U.S. Rep. Jason Crow on Monday led a bipartisan group of fellow veterans, lawmakers, and advocacy organizations calling on the Biden administration to pull out all the stops to evacuate Afghans from Kabul as the Taliban seized control of Afghanistan.
"The bottom line is we have to get folks to safety," said Crow, a Centennial Democrat and Army Ranger combat veteran who served tours in Afghanistan and Iraq.
"We have time to still do the right thing, but we have to do it today. That is our message. So let's get it done."
Crow was joined by House Republicans and Democrats, including lawmakers who have co-sponsored legislation with him to speed processing of special immigrant visas, made available to Afghans who have served as interpreters and filled other positions aiding the United States during the 20-year war.
They said the Biden Administration must secure both the military and commercial sides of Kabul's main airport and allow Afghans to stay at the facility until they can be flown to safety.
"We have the means, we have the ability as the United States of America," Crow said. "But we must have the will. That is the simple message."
U.S. Rep. Tom Malinowski, a New Jersey Democrat, said the choice facing the American government is stark.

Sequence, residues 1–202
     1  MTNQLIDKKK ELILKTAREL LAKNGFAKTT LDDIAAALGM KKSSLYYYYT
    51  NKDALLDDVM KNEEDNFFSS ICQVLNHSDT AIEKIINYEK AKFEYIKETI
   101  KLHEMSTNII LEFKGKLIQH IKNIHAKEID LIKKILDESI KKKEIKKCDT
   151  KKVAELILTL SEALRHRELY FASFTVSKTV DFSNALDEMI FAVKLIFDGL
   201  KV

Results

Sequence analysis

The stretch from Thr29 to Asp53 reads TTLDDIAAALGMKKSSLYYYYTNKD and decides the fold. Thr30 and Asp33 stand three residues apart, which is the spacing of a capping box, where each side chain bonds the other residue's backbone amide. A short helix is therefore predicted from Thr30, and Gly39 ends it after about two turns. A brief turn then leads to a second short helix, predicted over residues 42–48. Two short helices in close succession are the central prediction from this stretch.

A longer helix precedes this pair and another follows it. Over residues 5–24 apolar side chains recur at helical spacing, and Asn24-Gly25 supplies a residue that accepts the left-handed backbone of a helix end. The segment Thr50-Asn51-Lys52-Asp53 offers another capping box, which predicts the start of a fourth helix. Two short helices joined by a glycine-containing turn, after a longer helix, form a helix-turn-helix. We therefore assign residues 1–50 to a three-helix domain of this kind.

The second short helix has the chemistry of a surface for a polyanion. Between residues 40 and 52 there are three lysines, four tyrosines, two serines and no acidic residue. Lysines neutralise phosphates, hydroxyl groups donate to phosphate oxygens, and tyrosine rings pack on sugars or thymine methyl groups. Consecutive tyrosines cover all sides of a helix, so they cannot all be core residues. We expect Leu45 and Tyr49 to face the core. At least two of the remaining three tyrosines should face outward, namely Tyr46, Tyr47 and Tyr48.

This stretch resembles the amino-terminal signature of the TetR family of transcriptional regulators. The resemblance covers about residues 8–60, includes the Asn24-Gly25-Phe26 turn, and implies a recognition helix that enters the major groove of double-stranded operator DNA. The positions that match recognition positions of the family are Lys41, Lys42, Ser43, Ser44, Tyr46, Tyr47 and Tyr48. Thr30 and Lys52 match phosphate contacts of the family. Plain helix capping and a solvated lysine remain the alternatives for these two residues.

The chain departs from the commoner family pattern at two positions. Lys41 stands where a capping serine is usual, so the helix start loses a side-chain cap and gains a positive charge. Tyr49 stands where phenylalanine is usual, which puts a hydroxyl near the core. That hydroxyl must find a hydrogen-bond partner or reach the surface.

"The question here is whether this will be Saigon or Dunkirk," he said. "Are we going to leave people behind like we did in South Vietnam, or are we going to hold the beach until everyone is taken off the beach? I hope that it's the latter."
U.S. Rep. Mike Waltz, a Florida Republican, called on U.S. authorities in Kabul to do what's necessary to get Afghans to safety.
"The State Department cannot be in the position of giving people a death sentence over typos or the wrong forms," he said. "The very documentation they need to prove that they stood with us is documentation that will get them killed if found at their homes."
Former Secretary of State Madeleine Albright said there will be time to analyze how the Taliban took control so quickly but stressed the urgency facing Afghans fleeing the new regime.
"We've all been watching the tragic and horrific situation unfolding in Afghanistan, and there will be plenty of time to assess how this happened and what went wrong. But our focus today and the days ahead needs to be squarely on saving lives," she said.
Taliban control threatens many Afghans, Albright said — not just those who worked directly for the U.S. government and military, but also women's rights advocates, journalists, anti-corruption crusaders and those working to advance democracy.
"Their lives are now imperiled by the Taliban's advance, and they need to be evacuated from the country before it's too late," Albright said.
"The Untied States has a moral responsibility and a national security interest in ensuring the protection of these Afghan allies as well as those who directly supported our military mission."